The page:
Does it measure up to its own influence? You’ll have to read for yourself… after a discussion of the science behind MSG, the dining room layout, and other things.


Beard seminfinalist Carnitas Uruapan is the carnitas spot that people tend to think of first these days, but Dennie Lee visits another, about a half mile east in Pilsen, Carnitas Don Pedro:

The main star of the show is, of course, the carnitas ($11.99 per pound). The term “carnitas” means “little meats” in Spanish, and it’s all sorts of pork that has been slow-cooked in lard for hours until it becomes both crisp and tender. This includes the skin, ribs, shoulder, all that good stuff.

…Before you assemble yourself a taco, do yourself a favor and eat a few huge forkfuls of meat as-is. Go on, dig into the fatty pieces while they’re still hot, they won’t get any better than that—and revel in the salty, fatty, porky bliss.


A number of stories about last weekend’s big story, the Jean Banchet Awards, including at the Trib, WTTW and elsewhere. But the most affecting and cheering example is this little montage on Facebook/Instagram from the family behind Rubi’s On 18th.


You might think a list of Ukrainian restaurants in Chicago would have just one entry on it, which opened in about November, but there are also a handful of neighborhood spots, starting with the venerable Old Lviv in Ukrainian Village. Anyway, The Infatuation has a listicle of them. I must admit I’ve tried several of them, but mostly once and not in some years; I think Magic Jug is the only one I ever talked up anywhere, in one edition of The Fooditor 99, but a friend went and got a distinct “What are you doing here?,” mafia social club vibe.


Bon Appetit asks the question that has likely hovered somewhere around your subsconscious—can you afford to eat out?

You’re restaurant people. You voyaged your way through Michelin stars and ducked into many holes in many walls, you masked up to grab bagged cocktails and battled for the hottest of reopening reservations. You want owners to thrive and their employees to be well paid, but your grocery bill is a panic attack and your rent an existential crisis. This was a good meal. But you’re not sure when you’ll be back.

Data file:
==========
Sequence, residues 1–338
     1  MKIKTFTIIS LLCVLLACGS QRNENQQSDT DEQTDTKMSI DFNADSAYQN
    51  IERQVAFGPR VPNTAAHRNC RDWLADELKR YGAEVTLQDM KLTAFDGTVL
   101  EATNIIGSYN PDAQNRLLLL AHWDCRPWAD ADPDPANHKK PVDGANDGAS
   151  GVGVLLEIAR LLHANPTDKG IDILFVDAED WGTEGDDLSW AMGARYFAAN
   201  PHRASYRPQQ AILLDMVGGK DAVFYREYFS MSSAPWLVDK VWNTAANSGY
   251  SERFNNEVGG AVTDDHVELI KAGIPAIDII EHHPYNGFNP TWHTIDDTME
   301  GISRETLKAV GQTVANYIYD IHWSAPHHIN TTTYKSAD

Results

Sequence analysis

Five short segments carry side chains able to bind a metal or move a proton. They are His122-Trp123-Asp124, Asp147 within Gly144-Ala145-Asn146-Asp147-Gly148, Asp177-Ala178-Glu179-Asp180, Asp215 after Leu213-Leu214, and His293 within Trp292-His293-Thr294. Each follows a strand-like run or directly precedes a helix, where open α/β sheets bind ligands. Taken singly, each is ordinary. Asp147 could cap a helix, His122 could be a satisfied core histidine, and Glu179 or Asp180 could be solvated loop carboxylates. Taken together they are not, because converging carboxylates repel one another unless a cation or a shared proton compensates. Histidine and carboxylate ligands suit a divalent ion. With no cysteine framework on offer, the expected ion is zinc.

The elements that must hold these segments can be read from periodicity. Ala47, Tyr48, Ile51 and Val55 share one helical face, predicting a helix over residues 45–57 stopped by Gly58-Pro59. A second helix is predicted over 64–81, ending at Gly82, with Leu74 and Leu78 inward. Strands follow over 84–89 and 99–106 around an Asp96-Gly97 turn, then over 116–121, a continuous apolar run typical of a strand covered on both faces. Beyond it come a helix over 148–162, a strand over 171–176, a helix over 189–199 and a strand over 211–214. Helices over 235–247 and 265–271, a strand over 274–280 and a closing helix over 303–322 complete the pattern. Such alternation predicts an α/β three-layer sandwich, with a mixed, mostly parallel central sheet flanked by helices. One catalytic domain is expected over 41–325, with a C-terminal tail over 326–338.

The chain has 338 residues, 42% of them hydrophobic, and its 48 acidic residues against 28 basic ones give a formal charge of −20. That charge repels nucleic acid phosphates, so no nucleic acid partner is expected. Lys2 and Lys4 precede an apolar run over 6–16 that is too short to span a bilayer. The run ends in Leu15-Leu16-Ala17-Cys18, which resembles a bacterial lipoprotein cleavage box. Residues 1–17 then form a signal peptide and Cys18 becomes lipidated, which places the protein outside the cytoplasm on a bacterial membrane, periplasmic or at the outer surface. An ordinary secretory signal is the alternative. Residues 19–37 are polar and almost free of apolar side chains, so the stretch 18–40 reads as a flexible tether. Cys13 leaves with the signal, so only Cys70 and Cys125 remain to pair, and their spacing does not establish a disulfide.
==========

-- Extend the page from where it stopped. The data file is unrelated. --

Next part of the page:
Since 2020 the cost of dining out has skyrocketed across the US, and even as other forms of inflation have eased, menu prices keep climbing. In 2023 restaurant inflation outpaced groceries, which meant that even as Americans were spending more dining out, data suggested they were going out less.

For me, there’s some truth to this—if the food’s good, I don’t think about money, if it sucks or even just underwhelms, even an $6 cheeseburger will weigh on my mind for days. But honestly, it’s not money that has kept me from going out to some of the new places I should be trying. It’s the unpleasantness of going outside in subzero temperatures, of parking in busy neighborhoods, and trying to make reservations when the response at Open Table or Tock is “Sorry, we have no availability within 2.5 months of that year.” (Who the hell are these people wanting to go where I want to go, before I want to go there?) Yeah, I should book things out weeks ahead, and then be pleasantly surprised when the day comes, but I’m more likely to just order a damn pizza at that point. It’s dumb, it’s not like I wasn’t very happy with the last two nice dinners I ate out (Pompette and Nettare, discussed last week), but… I don’t know, having a little trouble feeling the joy of going out, at least in advance. Mind you, I just spent six days in Mexico City and I hunted up interesting things to eat three (or more) times a day, and the only meal that sucked was, of course, the most expensive one in the swankiest part of town (there’s sure as hell a lesson there). So I do still eat out, when I’m motivated and all, but the motivation can be a little hard to come by.